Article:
New York – Despite improvements in the political and security situation, children in Mali, especially those living in the North, remain vulnerable to recruitment and use, sexual violence and other grave child rights violations.
This is the conclusion of the first report of the Secretary-General on the situation of children in Mali, presented today to the Security Council Working Group on children and armed conflict by Leila Zerrougui, the UN Special Representative for Children and Armed Conflict.
The report covers the period from January 2012 to December 2013 and details grave violations against children committed by all armed groups active in the North, and to a lesser extent, by the Malian armed forces and pro-government militias. Children have been recruited and used, victims of sexual violence, killed and maimed. Schools have been looted, damaged, bombed, used for military purposes or littered with unexploded ordnances, therefore violating children’s right to education.
“The situation in Mali has evolved significantly and I commend the Malian authorities for the important progress achieved at the political and security levels. This has contributed to a decrease in the scale and ferquency of grave violations against children,” said Leila Zerrougui.
The Special Representative welcomed steps taken by the Government of Mali to enhance the protection of children. The Protocol on the handover of children associated with armed forces or groups and the inter-ministerial Circular on the protection of children released from armed forces and groups provide a sound framework to assist children affected by the armed conflict.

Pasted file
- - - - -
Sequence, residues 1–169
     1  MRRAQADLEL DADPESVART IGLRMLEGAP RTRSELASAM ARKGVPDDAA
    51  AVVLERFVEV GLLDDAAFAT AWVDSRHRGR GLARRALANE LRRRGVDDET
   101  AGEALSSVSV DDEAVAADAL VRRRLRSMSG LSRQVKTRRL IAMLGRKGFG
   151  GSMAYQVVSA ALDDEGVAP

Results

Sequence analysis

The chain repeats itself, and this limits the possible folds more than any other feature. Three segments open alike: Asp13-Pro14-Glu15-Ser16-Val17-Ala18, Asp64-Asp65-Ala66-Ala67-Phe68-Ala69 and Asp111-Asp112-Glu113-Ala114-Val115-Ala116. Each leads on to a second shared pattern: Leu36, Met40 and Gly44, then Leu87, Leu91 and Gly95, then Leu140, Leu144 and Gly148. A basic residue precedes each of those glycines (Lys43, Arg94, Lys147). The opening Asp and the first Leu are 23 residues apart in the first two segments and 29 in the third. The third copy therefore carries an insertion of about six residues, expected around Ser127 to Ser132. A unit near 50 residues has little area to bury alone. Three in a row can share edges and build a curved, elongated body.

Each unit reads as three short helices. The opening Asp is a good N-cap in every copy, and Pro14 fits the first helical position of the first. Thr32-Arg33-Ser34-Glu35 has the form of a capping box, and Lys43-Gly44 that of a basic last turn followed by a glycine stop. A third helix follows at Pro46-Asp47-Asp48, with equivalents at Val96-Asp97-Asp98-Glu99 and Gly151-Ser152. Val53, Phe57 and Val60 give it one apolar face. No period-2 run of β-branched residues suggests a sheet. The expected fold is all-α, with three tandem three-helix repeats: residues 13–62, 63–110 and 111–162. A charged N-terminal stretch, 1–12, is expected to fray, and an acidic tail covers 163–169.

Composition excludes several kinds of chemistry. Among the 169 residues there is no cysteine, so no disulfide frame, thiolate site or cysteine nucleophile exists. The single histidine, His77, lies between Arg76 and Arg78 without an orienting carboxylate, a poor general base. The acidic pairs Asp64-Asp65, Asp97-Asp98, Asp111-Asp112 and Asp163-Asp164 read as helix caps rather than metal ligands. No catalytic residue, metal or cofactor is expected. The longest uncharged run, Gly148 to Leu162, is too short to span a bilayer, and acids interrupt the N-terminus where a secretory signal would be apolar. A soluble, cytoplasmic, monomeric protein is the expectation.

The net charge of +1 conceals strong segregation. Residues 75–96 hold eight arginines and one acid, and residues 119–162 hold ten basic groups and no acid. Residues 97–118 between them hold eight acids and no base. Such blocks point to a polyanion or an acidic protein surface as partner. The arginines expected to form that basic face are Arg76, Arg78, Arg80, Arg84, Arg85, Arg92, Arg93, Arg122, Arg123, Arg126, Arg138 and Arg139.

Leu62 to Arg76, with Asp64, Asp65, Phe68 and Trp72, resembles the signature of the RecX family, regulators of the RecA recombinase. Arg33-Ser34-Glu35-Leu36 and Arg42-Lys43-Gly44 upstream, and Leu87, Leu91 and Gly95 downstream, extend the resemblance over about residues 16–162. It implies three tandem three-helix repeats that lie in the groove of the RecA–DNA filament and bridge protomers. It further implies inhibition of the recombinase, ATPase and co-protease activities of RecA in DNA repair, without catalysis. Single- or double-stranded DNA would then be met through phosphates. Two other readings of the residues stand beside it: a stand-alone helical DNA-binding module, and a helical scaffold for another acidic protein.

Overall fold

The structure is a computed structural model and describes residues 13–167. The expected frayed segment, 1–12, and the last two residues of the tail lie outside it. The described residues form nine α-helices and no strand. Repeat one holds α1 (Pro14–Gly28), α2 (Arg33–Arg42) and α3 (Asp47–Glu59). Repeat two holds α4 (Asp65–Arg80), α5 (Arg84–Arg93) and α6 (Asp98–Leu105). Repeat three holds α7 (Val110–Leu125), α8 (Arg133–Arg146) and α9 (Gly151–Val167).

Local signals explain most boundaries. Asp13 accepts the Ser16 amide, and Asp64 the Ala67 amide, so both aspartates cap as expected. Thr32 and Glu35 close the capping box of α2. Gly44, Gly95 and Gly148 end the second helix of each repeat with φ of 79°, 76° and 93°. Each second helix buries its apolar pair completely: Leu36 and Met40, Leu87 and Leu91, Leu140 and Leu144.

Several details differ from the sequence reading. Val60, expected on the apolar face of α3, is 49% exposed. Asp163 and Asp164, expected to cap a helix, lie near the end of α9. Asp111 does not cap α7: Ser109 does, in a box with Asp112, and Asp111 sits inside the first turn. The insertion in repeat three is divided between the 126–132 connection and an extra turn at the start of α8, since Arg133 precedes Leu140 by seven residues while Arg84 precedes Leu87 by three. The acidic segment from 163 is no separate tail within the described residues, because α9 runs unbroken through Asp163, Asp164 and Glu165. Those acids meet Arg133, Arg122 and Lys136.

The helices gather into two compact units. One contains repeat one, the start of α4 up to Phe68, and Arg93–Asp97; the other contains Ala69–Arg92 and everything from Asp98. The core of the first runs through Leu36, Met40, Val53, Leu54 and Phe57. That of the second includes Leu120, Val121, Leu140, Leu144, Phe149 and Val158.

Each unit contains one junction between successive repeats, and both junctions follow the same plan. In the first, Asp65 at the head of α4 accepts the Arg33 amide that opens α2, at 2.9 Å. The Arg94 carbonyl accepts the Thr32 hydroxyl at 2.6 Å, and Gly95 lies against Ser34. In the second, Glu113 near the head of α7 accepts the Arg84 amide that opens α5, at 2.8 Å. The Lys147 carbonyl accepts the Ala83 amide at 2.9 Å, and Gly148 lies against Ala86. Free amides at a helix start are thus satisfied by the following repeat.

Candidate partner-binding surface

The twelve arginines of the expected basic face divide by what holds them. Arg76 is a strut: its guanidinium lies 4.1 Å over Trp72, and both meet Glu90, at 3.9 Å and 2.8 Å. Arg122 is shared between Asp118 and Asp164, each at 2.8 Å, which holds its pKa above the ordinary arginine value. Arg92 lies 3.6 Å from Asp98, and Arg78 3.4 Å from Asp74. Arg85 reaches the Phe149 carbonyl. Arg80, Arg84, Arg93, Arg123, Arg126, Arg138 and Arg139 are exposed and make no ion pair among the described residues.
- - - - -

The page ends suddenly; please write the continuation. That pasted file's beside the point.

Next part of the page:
“However, I remain concerned at the lack of accountability for grave violations, as well as the cases of detention of minors for charges related to the conflict,” added Leila Zerrougui.
She encourages the Malian authorities, with the support of the United Nations, to address these cases immediately.
As the country is transitioning towards stabilization, and as dialogue with armed groups is revived, the Special Representative called all involved in the mediation process to ensure children’s needs are taken into account.
“I encourage the Malian authorities to work with the United Nations and partners to ensure that MNLA and other armed groups fully commit to ending and preventing grave violations against children,” said Ms. Zerrougui.
The Special Representative concluded by calling on the Government to fully apply the joint mechanism developed to screen the Malian armed forces, so that no child is integrated into the country’s armed forces and for the development of measures to prevent grave violations against the children of the country.
For additional information, please contact:
Stephanie Tremblay, Communications Officer
Office of the Special Representative of the Secretary-General
for Children and Armed Conflict
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